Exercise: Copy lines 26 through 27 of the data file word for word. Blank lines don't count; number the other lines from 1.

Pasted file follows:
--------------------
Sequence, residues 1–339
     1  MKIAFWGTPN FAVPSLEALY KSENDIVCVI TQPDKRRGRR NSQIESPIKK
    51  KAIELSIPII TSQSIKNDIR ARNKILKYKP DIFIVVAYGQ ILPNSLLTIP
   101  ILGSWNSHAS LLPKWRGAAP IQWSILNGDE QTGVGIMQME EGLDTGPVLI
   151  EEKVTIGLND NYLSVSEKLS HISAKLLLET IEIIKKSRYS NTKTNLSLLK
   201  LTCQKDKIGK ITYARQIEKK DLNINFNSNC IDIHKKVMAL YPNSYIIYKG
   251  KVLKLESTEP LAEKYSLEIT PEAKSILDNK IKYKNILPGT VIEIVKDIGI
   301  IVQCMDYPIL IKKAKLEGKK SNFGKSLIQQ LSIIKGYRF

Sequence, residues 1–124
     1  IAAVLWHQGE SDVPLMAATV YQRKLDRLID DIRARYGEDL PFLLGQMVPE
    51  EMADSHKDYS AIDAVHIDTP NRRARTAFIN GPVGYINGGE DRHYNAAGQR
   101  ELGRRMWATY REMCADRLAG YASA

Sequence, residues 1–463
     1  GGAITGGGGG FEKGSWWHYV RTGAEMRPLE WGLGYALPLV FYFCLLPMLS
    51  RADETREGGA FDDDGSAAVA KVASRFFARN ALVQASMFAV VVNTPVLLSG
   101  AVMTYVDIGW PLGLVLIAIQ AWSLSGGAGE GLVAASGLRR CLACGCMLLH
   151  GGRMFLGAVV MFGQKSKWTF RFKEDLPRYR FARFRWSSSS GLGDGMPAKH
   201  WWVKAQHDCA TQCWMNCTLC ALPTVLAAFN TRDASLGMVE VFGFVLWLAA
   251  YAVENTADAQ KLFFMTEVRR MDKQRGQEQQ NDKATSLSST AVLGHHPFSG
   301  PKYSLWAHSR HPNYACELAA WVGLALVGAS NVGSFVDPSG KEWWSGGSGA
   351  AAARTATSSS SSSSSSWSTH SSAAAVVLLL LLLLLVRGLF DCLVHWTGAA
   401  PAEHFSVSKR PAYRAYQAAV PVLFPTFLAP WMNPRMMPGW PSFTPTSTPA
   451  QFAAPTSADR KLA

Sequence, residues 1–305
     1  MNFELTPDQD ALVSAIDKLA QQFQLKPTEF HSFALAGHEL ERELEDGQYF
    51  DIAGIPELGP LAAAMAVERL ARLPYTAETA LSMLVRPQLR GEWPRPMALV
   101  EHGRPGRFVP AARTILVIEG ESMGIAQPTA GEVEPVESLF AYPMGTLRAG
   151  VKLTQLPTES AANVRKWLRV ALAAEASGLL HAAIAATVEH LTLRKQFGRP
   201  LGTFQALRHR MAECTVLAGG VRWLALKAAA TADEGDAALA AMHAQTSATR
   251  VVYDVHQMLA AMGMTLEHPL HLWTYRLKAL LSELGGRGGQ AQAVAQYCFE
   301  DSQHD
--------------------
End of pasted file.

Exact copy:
    51  DIAGIPELGP LAAAMAVERL ARLPYTAETA LSMLVRPQLR GEWPRPMALV
   101  EHGRPGRFVP AARTILVIEG ESMGIAQPTA GEVEPVESLF AYPMGTLRAG